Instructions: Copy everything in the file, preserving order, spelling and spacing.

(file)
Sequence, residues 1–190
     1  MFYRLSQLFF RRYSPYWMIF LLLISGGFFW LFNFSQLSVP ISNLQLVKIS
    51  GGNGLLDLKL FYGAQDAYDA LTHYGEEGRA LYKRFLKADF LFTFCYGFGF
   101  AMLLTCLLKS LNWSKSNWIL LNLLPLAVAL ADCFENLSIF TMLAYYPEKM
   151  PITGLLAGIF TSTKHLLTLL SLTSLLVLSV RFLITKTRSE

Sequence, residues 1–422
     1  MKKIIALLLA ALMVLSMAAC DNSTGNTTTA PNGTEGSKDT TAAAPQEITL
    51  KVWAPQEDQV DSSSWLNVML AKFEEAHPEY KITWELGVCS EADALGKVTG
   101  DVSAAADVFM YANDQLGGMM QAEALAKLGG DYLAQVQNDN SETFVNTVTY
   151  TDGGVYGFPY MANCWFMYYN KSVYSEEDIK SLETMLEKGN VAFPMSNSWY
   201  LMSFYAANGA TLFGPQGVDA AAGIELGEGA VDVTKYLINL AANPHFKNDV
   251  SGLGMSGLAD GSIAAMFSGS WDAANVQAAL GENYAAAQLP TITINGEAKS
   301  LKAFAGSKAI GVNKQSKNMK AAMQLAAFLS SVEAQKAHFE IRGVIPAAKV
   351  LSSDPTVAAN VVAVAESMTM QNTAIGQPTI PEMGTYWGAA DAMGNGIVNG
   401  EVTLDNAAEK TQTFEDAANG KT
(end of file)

Sequence, residues 1–190
     1  MFYRLSQLFF RRYSPYWMIF LLLISGGFFW LFNFSQLSVP ISNLQLVKIS
    51  GGNGLLDLKL FYGAQDAYDA LTHYGEEGRA LYKRFLKADF LFTFCYGFGF
   101  AMLLTCLLKS LNWSKSNWIL LNLLPLAVAL ADCFENLSIF TMLAYYPEKM
   151  PITGLLAGIF TSTKHLLTLL SLTSLLVLSV RFLITKTRSE

Sequence, residues 1–422
     1  MKKIIALLLA ALMVLSMAAC DNSTGNTTTA PNGTEGSKDT TAAAPQEITL
    51  KVWAPQEDQV DSSSWLNVML AKFEEAHPEY KITWELGVCS EADALGKVTG
   101  DVSAAADVFM YANDQLGGMM QAEALAKLGG DYLAQVQNDN SETFVNTVTY
   151  TDGGVYGFPY MANCWFMYYN KSVYSEEDIK SLETMLEKGN VAFPMSNSWY
   201  LMSFYAANGA TLFGPQGVDA AAGIELGEGA VDVTKYLINL AANPHFKNDV
   251  SGLGMSGLAD GSIAAMFSGS WDAANVQAAL GENYAAAQLP TITINGEAKS
   301  LKAFAGSKAI GVNKQSKNMK AAMQLAAFLS SVEAQKAHFE IRGVIPAAKV
   351  LSSDPTVAAN VVAVAESMTM QNTAIGQPTI PEMGTYWGAA DAMGNGIVNG
   401  EVTLDNAAEK TQTFEDAANG KT